How to Troubleshoot a Vintage Stereo

By Lee Grayson
Early players had one sound channel.

Alan Dower Blumlien assembled a working stereo system in the late 1930s and is generally considered to be the Father of Real Stereo. The stereophonic recording process is an attempt to re-create live sound by capturing it with sensitive microphones on two channels for playback on specially designed stereo components. It is another term for an audio system. Stereo components were mass produced in the 1950s but didn't see large sales until late in the decade when the costs were reduced for the average audiophile. By the late 1960s and 1970s, stereo components were found in most homes. Vintage stereo sets are finding a new popularity with fans wanting to play vinyl records.

Check the User's Manual: This is the easiest step and the place most people end up after all other options are exhausted. Stereos, particularly "high-end" units, were packaged with a schematic chart and a troubleshooting list that was exclusive to the set. If the stereo does not have the specific user manual, check online for free documentation. Duplicate materials for Akai, Pioneer, Sony, Dynaco, Kenwood, Marantz, JVC, Technics, Yamaha and Onkyo are easily found. Instruction guides for Sansui, Nikko, Carver, NAD, Luxman, Tandberg, Realistic, Bose, Accuphase, Teac and Nakamichi are less readily available, but not impossible to find. If free manuals are not available, check commercial online sites for duplicated or PDF files. Try posting a note on club or fan websites. There may be a member with your exact set who may be willing to send a copy for the price of duplication.

The stereo will not turn on: The easiest check is examining the power cord. Make sure the wall socket is working and then check the power cord for any damage. Take the cord between both fingers and work your way up the cord, checking to see if there is any indication of a break (both inside wires and outside insulation) or if the cord has a smaller diameter in one spot. Furniture may have been placed on the cord, smashing the interior wires. Lay the cord flat on a smooth surface. If it does not make a straight line, there may be damage at the point where the cord curves or bends. Check the connection at the plug for fraying or internal damage by lightly moving the plug back and forth. There should not be any "play" in the cord near the plug. The wire should be stiff.

The lights are on but nothing functions: If your stereo uses tubes or fuses, you will need to check these to determine if there is a problem. Tube and fuse testers (ohm meter) were commonplace in drug stores decades ago, but now are more difficult to find. Call local television repair stores. They may be happy to test the items. They may even have the exact replacements to fit your unit. If the stereo is solid state (uses transistors), you will need to take the unit to a repair shop unless you own equipment to test the transistors, have the skill to do the testing, and own soldering equipment to make the repairs. If you are unsure if the unit uses tubes or transistors, check the rear openings. Tubes are clearly visible, if they are used.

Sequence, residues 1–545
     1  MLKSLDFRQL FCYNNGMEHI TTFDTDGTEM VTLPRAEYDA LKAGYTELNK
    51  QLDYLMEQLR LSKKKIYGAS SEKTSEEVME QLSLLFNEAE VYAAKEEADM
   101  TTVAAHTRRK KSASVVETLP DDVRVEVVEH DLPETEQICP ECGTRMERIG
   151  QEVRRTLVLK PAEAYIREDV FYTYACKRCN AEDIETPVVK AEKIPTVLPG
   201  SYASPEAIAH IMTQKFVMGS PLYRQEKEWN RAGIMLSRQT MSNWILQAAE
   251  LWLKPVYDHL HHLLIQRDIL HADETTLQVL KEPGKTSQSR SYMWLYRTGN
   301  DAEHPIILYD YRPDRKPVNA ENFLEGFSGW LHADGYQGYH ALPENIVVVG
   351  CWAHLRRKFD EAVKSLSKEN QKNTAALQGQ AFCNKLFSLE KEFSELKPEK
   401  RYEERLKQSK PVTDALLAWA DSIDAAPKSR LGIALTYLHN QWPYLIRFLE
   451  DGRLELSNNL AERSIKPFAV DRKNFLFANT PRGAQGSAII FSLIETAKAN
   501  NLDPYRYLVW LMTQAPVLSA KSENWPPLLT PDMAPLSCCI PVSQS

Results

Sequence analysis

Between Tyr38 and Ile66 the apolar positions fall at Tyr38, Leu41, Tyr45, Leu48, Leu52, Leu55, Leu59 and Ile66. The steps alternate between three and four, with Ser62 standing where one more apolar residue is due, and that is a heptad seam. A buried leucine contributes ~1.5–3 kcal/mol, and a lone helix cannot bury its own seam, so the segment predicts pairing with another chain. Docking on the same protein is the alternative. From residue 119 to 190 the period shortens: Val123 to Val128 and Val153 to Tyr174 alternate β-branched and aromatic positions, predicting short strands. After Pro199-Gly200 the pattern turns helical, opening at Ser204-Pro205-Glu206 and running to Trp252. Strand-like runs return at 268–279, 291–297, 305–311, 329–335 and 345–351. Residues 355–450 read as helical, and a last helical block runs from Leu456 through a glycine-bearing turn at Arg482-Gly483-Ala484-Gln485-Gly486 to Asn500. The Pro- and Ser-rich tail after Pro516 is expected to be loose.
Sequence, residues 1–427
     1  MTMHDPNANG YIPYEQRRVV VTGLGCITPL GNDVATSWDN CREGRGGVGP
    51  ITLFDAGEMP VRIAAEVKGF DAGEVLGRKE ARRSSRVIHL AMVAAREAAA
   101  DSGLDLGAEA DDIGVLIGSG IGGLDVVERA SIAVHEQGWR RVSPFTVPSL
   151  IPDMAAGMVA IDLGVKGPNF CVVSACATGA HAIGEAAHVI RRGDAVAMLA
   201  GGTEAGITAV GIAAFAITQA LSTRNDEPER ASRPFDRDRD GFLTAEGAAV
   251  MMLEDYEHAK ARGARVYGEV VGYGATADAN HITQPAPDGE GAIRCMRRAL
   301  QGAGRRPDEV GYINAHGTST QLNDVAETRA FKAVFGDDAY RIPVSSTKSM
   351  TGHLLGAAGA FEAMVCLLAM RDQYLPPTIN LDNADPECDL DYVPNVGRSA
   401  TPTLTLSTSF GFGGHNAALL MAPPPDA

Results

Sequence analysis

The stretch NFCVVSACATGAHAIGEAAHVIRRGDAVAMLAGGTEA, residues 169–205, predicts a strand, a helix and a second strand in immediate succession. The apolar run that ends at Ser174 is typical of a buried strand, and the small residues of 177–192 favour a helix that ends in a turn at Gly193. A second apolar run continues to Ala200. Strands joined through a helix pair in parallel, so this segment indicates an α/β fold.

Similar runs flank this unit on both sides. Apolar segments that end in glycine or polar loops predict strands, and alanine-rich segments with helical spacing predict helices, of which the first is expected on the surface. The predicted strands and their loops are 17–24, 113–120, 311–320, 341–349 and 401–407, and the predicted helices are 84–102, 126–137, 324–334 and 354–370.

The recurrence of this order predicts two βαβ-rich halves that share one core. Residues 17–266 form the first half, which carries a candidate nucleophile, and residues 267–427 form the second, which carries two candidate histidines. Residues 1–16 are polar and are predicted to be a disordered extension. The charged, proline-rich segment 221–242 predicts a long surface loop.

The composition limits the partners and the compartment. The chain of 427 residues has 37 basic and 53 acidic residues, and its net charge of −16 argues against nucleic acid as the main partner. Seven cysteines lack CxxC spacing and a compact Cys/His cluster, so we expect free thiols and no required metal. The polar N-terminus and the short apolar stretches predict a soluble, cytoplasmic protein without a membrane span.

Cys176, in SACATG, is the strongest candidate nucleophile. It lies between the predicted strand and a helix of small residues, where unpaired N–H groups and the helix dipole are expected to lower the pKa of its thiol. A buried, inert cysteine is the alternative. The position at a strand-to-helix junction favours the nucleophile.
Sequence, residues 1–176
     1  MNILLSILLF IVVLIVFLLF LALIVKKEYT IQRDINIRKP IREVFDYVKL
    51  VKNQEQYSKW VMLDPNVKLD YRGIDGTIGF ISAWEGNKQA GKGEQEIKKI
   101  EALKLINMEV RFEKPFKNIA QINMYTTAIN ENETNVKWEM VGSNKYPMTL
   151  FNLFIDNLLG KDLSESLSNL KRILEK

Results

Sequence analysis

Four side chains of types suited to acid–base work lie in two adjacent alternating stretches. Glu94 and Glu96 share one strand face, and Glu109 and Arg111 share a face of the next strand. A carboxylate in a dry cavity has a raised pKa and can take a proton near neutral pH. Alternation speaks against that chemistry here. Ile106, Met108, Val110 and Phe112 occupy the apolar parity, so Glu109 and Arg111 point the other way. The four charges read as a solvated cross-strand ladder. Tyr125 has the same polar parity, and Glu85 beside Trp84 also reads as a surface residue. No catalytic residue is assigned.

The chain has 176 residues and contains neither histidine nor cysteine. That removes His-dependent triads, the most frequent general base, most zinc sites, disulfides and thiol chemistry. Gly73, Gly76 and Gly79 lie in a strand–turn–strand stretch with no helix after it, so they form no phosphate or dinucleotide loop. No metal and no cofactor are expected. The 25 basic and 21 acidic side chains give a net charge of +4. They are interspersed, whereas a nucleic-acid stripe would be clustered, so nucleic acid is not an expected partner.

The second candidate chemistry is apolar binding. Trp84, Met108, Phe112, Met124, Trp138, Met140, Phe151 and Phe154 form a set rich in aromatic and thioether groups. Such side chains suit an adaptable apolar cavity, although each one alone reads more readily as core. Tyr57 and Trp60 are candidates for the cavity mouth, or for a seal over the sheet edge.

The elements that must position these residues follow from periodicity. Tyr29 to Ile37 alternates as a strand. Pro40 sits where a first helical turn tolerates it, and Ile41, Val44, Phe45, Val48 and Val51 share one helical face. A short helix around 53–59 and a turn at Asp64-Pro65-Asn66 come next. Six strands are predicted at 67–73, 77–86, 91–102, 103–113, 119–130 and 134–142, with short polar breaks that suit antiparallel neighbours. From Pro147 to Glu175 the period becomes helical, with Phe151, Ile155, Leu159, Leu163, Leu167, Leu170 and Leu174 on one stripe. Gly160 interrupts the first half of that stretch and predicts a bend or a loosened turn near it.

No sound from either speaker: Check turntable, radio and any other feature separately to determine if this is a general failure or an isolated problem with one component. Test one of the speakers, then hook up the other to test again. If the stereo has an "A" and "B" speaker option, test each channel with the speakers, making sure that the wires are connected to the correct terminals. The lack of sound might be linked to the use of headphones. Some headphone selector switches disconnect the speakers when pushed, so make sure this button is not depressed. Also, check to see if the Tape Monitor switch is on or off.

Fuzzy sound from one or both of the speakers: Lightly sand the connections and check the speaker wires attached to the rear of the unit. Re-cut the wires and wrap the connections tightly. If this does not work, change the speakers and test again.

Difficult to adjust volume, bass or treble levels: Dirty knobs may be the problem. Corrosion on the rheostat that controls loudness may create problems in adjusting stereo levels. A non-toxic cleaner and a soft cleaning cloth will take off any corrosion. Be sure to clean the connection and inside the knob. A step-by-step video illustrating how to do a quick clean up is available from eHow at: http://www.ehow.com/video_2369817_cleaning-knobs-vintage-audio-equipment.html

Sudden loss of power to the unit: Use the machine for at least an hour to test reliability. Older transistors will exhibit strange behavior when overheated.

Loss of volume or sound to one channel: Check the balance control knob to make sure it is working. Loss of sound or sound playing only at low volume may also be related to overheated transistors.

Tip

When troubleshooting a vintage stereo system, it is recommended to assemble two sets of test speakers and more than one turntable, since the problems may be in the components. Label each component with an "A" and "B" and begin by connecting the entire system before changing components.

Warning

Make sure to turn off the power when changing the components.

Never open the rear panel of any component.

About the Author

Lee Grayson has worked as a freelance writer since 2000. Her articles have appeared in publications for Oxford and Harvard University presses and research publishers, including Facts On File and ABC-CLIO. Grayson holds certificates from the University of California campuses at Irvine and San Diego.